Nobody before 1900 had shoes that fit as well as shoes fit today. Often, it was one size fits all.

Some thing are hugely cheaper AND better than the best used to be. $100 watches and stainless steel flatware are functionaly way better than the best watches and sterling flatware of 100 years ago, so !much do that the old-style products are still available as emblems of extravagance.
posted by SemiSalt at 11:52 AM on January 15, 2016

I don't see my ikea bookshelves being passed down through the generations, though.

When I sold off everything I owned in England to move to Chicago I got a better return on IKEA furniture than I did on actual 200 year old antiques. The 10+ year old IKEA furniture sold for 70-80% of its orignal value while the antique dry sink i had sold for 20 quid.

I certainly didn't expect this. What you think other people will value is often wrong.
posted by srboisvert at 1:26 PM on January 15, 2016 [1 favorite]

An advantage/disadvantage I think gets less attention than it should is the design loss between things being generic-purpose now compared to single-purpose (how they were).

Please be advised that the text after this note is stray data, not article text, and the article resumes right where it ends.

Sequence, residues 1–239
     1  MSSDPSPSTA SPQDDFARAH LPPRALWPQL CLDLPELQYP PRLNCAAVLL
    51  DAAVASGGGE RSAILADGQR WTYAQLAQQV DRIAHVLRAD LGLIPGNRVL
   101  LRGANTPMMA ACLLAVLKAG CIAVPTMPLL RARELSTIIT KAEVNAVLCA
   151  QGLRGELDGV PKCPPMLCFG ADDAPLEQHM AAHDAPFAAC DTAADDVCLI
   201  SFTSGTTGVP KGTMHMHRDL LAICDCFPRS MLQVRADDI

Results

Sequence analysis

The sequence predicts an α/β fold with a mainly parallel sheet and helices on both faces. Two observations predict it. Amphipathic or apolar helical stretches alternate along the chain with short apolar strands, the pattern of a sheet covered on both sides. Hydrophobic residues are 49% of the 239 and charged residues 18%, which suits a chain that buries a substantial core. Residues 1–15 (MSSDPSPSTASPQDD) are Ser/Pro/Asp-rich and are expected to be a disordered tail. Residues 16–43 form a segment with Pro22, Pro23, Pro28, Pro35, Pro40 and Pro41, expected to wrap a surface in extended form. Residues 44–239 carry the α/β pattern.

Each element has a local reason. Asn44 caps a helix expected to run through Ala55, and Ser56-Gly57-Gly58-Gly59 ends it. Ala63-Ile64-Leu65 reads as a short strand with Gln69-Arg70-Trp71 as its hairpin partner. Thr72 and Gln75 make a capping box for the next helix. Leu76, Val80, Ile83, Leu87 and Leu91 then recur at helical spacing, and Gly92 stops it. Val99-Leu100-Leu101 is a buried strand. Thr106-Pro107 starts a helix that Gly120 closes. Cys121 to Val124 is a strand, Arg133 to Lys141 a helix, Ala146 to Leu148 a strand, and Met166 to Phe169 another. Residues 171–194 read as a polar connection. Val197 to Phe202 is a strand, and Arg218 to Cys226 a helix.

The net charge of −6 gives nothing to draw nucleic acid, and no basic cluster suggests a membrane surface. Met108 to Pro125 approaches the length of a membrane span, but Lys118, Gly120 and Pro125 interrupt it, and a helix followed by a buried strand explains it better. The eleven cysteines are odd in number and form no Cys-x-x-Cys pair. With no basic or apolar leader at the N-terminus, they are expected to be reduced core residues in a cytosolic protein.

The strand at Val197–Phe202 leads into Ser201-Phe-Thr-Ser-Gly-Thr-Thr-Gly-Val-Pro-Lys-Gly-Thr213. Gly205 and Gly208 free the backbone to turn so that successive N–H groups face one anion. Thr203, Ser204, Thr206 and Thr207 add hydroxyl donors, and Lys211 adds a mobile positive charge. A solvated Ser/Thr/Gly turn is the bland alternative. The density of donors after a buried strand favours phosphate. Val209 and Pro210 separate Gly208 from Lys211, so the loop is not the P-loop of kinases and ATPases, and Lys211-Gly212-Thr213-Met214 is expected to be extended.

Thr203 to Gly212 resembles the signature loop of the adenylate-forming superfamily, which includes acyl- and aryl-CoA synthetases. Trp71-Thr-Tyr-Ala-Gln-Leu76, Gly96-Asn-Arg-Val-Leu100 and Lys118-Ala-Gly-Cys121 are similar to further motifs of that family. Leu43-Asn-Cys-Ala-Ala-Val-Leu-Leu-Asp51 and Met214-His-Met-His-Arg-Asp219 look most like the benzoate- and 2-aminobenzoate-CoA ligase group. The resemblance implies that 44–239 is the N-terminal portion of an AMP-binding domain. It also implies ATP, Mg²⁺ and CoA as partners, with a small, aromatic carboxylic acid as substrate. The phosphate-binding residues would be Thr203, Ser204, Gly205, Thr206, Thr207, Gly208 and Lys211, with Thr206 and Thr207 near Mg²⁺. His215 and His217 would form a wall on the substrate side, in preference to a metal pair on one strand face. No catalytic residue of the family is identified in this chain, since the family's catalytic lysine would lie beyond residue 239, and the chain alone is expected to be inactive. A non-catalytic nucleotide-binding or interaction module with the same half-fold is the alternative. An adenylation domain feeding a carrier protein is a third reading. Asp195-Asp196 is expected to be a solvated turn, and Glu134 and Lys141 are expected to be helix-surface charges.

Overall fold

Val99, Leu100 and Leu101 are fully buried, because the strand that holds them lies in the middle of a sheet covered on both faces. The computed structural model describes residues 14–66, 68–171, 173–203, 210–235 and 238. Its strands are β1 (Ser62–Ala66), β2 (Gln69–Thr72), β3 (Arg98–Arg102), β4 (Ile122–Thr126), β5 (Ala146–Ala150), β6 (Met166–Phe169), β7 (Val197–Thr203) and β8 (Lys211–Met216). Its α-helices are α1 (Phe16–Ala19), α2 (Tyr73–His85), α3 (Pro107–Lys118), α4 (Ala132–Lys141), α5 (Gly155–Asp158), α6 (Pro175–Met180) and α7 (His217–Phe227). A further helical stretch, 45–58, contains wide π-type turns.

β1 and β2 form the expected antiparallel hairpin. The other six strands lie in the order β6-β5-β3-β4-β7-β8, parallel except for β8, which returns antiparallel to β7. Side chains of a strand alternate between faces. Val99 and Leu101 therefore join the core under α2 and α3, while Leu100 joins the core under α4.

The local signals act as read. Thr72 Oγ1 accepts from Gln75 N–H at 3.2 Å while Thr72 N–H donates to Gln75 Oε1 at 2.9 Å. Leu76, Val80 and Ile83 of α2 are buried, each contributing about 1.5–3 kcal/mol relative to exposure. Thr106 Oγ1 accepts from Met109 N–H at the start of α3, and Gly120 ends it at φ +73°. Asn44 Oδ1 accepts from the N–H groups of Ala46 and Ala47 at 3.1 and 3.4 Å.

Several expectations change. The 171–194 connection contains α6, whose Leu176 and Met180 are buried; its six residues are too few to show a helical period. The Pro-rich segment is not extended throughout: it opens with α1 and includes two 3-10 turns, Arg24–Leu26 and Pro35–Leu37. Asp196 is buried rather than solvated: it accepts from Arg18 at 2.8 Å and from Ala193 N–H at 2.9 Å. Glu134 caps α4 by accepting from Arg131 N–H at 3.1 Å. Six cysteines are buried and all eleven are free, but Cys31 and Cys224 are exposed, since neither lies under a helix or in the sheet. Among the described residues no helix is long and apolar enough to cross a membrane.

Eg, with furniture, as already noted, it is very difficult to get furniture of the quality you could find on display at eg the Hermitage Museum. You would have to commission it and pay a kingly sum, same as in the past. Not much of that market exists any more, so the artisans are fewer and farther between, because mass-production is so much cheaper and faster.

However, a thing that mass production doesn't do is single-purpose design. You can buy a corner table, but you can't buy a corner table that only exists and was explicitly designed for one specific corner of the specific building in which that corner table is to go. To do that, you have to go back to the old ways.

Back when the old ways were the primary ways, everything was designed for its specific use. Now everything is designed for generic use. To me, that's a significant difference. (Though not, of course, significant enough for me to want to pass up the savings and spend a king's ransom on every piece :) )